Hose loads on the two pumpers are 1,000 feet of 5-inch large-diameter hose, two beds of six lengths of 1¾-inch hose on top of six lengths of 2½-inch hose, 250 feet of 2½-inch hose in the rear of the engines, and 150 feet of 1¾-inch trash line in the extended front bumpers. “One of the most unique ideas put on both vehicles was a historical mural that was designed and placed on the rear wall inside the cabs,” says Buser. “It shows our original apparatus and some of our past members. It was a brainchild of one of our captains who was very passionate about our company history. We also painted the tops of the cabs black to honor our fallen members. The concept is that we will always have our founding members riding with us at all times.
Water Witch Engine Company Apparatus Through the Years
“So far, the vehicles are working out well,” he continues. “The driving and handling of the rigs around town are working out well so far. We also have some tight streets, and operating the two pumpers around our response area is really going well.”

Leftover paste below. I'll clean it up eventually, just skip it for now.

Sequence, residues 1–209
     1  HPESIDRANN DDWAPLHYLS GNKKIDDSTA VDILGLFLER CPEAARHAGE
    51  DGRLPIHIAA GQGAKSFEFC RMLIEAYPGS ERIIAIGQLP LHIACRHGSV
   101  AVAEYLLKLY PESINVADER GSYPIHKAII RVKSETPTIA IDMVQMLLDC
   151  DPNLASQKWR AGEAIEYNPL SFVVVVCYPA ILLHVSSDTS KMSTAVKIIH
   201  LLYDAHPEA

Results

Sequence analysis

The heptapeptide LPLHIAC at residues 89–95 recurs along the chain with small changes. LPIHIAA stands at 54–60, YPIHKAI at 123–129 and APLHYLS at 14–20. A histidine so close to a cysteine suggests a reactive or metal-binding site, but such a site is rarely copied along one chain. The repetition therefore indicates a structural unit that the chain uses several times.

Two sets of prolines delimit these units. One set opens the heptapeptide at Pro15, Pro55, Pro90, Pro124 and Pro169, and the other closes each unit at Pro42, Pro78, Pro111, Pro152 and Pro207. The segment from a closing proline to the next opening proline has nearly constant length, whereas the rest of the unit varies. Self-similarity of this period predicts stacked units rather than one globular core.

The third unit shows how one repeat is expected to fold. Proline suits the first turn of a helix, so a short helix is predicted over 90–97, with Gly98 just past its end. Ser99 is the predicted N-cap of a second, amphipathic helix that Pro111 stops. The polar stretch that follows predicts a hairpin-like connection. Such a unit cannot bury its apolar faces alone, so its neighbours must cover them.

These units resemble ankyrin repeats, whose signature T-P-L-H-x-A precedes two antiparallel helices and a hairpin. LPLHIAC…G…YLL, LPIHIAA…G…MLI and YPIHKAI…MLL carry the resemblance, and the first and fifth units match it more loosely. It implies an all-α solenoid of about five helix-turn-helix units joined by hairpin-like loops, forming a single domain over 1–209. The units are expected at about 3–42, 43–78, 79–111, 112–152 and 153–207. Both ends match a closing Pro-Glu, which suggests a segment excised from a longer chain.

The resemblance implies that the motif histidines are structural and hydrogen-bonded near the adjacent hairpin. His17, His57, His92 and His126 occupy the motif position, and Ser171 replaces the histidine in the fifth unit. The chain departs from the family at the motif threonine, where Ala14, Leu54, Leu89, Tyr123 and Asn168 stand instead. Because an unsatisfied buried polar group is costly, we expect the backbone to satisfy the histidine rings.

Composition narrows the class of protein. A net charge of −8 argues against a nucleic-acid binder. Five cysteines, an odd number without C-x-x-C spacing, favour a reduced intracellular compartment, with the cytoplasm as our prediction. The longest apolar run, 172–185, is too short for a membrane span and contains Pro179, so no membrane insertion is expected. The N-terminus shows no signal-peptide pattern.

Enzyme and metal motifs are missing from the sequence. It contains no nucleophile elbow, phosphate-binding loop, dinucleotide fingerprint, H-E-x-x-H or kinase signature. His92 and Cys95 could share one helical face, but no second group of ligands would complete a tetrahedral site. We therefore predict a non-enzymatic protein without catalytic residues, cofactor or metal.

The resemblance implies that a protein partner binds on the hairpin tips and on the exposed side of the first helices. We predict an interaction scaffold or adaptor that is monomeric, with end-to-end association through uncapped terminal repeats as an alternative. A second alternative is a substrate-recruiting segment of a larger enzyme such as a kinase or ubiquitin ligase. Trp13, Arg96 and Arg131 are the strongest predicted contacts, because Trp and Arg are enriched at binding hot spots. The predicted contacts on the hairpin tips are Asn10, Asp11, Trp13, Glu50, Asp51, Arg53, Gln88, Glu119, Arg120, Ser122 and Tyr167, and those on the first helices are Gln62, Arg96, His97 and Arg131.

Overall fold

The Farmingdale Fire Department overcame its financial problems with the village and was able to purchase two pumpers using an apparatus purchasing consortium and was able to save money and purchase what it wanted for its response district. It was also able to design apparatus that have short wheelbases with bigger compartments and low hosebeds for easier operations for its firefighters. The pumpers are easily maneuvered around the village because of their short wheelbases and handle well.
Sitting down with your truck committee to plan for your apparatus needs while taking into account your finances is something that shouldn’t be taken lightly. If you plan accordingly and think outside of the box when you’re formulating your specs, you should alleviate most of your problems.
BOB VACCARO has more than 40 years of fire service experience. He is a former chief of the Deer Park (NY) Fire Department. Vaccaro has also worked for the Insurance Services Office, the New York Fire Patrol, and several major commercial insurance companies as a senior loss-control consultant. He is a life member of the IAFC.